Comics have a good chance of surviving ecological disaster. Unlike, for example, blue-chip video art, there may be a place for hand-drawn sequential graphics after floodwaters recede. The post-collapse cartoonist might be employed to design insignias for new tribal groups, hand-letter signs for shantytown bars, create hagiographic tapestries celebrating the exploits of new self-designated messiahs, and so on.
But what sort of comics should be made right now, under the conditions of imminent ecological doom? A new anthology, edited by young cartoonists Madeleine Witt and Andrew White, attempts to respond to a crisis that is incomprehensibly enormous.
A natural approach is to diagram the situation, to provide evidence and emulate the scientific method, albeit intercut with scrambled subjectivity. Will Cardini's comic is like a heatstroke-addled infographic. Scribbly Photoshop drawings perfectly describe the narrator's move to Kansas City after "the oppressive Texan heat muffled my mind." But there's little escape. "Who will survive this millennia-long summer?" he wonders. In response, red ants swarm over his brain. In a visual jolt of gore, Ellie Schmidt's piece juxtaposes deer-skinning instructional photos with captions that form a run-on sentence about love and obsession. Just as we can't help falling in love, we can't seem to stop killing and eating animals. Alyssa Berg and Catalina Jaramillo collaborate on an informative but perhaps too-brief story about a scientist studying the changing migration of humpback whales.
An empathic connection is sought by a number of works here: Graeme Shorten Adams's tasty graphite drawings accompany text addressing the reader directly. White contributes a contemplative and moving piece. It reads almost like a guided meditation. White's images invite us to make connections between the local and the global. A match goes out, a sink overflows, footprints disappear, and our bleak relationship to the planet is confirmed. In two simple marker-colored pages, Tor Brandt's iceberg comic devastates, pointing out our folly in expecting ice and snow to return automatically like the rising sun.
A situation beyond logical comprehension invites responses beyond language, without words. Warren Craghead makes an Art Brut comic about a giant destroying the landscape, throwing a tantrum, and then collapsing—a portrait of America's psyche as a destructive brat. Wenting Li's character witnesses the mother of all waves while waiting at a bus stop. Nick Soucek's ink-and-wash drawings are the most refreshing work in this volume. The meaning of the piece is implicit through its chosen imagery: a plastic bottle floating in the ocean, a highway overpass, an aerial view of a generic suburb.
Warmer contains a high ratio of comics whose text floats away like iceberg chunks from the drawings, eluding any straightforward connection. Caitlin Skaalrud's compact piece depicting two young women navigating the post-collapse landscape—hunting a rabbit and roasting it, taking shelter from a lightning storm inside a trash bag—is efficient in a go-bag way, befitting its survivalist subject. However, the poem that drifts over the images seems extraneous and sentimental in comparison to the excellent pacing and saturated visuals. Jonathan Bell Wolfe's digital scribbles, blocked-out shapes, and smears float like chemical clouds over his ruled lines and lumpen suburbanites. In Maggie Umber and Raighne Hogan's "Pollination," sloppy and pleasing images of bees working on flowers conclude with a scrawled message about early blooming, a symptom of global warming. L. Nichols wonders if we can learn to live with trees, questions bouncing around in the branches.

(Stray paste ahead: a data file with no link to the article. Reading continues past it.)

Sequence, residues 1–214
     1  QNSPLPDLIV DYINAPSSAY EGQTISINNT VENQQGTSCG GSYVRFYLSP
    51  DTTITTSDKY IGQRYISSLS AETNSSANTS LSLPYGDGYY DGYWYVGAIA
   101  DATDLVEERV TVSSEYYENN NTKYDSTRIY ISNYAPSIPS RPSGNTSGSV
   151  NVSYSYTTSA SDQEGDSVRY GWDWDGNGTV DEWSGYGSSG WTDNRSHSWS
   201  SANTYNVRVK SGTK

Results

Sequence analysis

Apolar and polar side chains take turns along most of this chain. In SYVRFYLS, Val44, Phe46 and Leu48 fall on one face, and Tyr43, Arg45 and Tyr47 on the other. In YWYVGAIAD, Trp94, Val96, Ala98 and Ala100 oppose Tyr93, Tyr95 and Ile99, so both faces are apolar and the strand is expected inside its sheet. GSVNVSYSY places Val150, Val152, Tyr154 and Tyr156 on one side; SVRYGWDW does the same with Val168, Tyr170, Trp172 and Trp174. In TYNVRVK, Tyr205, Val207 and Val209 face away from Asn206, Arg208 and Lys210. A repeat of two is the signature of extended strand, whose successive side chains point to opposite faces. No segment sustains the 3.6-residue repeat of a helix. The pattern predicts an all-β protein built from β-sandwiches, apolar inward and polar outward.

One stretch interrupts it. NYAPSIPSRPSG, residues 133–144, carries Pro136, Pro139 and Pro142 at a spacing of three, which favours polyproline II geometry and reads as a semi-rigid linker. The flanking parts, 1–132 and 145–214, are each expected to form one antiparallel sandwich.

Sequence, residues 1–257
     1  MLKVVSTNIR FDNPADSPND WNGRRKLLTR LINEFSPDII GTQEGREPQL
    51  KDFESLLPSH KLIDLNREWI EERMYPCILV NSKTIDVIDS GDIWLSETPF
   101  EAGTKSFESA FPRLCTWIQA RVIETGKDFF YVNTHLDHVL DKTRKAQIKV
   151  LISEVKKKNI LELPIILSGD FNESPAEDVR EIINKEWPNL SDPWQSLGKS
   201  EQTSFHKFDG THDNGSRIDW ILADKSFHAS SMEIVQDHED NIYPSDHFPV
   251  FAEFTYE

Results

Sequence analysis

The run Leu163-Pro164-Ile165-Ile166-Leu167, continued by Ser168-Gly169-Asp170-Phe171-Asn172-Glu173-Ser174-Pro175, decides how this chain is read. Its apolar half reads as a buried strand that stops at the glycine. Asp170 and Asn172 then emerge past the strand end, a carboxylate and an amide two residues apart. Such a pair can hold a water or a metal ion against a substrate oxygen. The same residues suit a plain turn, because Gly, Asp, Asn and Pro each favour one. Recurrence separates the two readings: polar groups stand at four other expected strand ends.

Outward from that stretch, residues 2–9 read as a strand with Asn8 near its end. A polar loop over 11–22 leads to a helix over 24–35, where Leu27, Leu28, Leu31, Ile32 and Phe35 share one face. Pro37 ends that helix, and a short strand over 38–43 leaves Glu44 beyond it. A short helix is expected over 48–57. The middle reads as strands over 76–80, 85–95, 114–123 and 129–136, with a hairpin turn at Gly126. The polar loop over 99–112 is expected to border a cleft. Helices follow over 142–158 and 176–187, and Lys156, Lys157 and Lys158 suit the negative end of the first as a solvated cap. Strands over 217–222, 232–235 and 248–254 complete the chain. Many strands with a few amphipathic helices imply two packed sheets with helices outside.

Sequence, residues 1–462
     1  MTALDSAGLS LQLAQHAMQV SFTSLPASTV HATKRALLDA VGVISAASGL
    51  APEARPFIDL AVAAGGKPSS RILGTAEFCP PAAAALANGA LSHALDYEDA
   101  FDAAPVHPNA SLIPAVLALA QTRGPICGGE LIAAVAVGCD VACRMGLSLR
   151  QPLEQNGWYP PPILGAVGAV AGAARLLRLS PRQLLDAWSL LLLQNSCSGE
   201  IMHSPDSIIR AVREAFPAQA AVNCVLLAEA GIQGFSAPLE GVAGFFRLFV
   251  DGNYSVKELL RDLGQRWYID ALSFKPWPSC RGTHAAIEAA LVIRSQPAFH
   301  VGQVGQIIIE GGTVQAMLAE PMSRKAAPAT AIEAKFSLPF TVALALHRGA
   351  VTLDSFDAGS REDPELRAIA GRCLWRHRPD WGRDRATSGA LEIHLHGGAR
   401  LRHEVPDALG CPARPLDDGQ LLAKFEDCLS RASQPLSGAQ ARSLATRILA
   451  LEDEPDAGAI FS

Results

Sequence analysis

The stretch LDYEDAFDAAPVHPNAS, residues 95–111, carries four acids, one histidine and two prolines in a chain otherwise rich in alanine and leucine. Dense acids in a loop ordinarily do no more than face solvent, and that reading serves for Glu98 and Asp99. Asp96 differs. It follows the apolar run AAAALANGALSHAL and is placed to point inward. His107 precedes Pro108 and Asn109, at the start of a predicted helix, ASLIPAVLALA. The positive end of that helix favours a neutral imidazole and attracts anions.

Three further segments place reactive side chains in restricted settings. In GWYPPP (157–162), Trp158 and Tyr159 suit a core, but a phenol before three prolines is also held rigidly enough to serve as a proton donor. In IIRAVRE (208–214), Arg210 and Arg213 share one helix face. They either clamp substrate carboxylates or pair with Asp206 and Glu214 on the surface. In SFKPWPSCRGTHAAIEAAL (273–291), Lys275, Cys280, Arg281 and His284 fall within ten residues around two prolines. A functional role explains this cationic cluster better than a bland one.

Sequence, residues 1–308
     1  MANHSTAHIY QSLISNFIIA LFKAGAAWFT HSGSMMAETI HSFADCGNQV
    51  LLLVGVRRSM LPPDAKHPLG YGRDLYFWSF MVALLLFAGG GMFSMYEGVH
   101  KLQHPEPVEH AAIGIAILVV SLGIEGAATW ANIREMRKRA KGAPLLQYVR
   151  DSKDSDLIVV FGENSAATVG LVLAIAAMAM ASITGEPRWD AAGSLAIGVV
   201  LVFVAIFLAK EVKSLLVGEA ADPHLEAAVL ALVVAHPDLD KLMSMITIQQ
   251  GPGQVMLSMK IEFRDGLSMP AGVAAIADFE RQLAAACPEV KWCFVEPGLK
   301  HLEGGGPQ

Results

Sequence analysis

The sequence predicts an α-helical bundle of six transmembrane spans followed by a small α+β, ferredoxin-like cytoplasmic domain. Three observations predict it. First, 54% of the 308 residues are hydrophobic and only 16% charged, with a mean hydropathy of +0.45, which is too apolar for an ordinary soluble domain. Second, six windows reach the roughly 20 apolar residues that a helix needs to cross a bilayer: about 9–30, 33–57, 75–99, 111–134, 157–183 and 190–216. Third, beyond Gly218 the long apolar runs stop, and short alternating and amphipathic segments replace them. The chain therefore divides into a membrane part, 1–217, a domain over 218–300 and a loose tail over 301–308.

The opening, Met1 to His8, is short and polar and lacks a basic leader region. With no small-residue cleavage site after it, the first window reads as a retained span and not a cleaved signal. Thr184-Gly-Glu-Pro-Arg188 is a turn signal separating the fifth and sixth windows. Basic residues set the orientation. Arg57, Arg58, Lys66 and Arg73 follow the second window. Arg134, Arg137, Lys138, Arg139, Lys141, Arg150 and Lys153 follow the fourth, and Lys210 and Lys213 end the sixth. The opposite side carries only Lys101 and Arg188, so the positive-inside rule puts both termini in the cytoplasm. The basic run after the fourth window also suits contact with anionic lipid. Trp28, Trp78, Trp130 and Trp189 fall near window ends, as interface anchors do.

In another comic-poem, this one from Oliver East, sketchy cityscapes, traffic, aircraft, and factories are accompanied by oddball lines like "punch drunk from t'blows I plow on regardless," which float over digital renderings of the implacable garbage of late capitalism. Witt and Anya Grenier's unpunctuated comics essay traces the continuity of the simple act of making and breaking bread. Kimball Anderson depicts, in pleasant watercolors, a person's walk along the beach and their discovery of a dismantled crab and a plastic pen cap, as their gloomy, disorderly thoughts hover in disassociated captions.
I didn't expect to find any revelatory answers to climate change in this volume, but I did hope for a wider spectrum of approaches. Perhaps my hope for more hard science, more evidence, more objectivity is a futile desire for an easy solution. Most of the artists in Warmer confront climate change through abstraction, as if the specifics are just too overwhelming to contemplate. Their bewilderment in the face of what appears to be an insurmountable problem is understandable. Yet this is perhaps not the time for poetic indirection, but for identification, for humor, for specifics, for calls to action, for reaching beyond a known and safe audience. This anthology kind of reminds me of recycling: it makes you feel better—and indeed, it helps—but in the grand scheme of things, it won't save the world.
Matthew Thurber, the author of 1-800-MICE, INFOMANIACS, and Art Comic, lives in New York City, where he teaches cartooning at Queens College.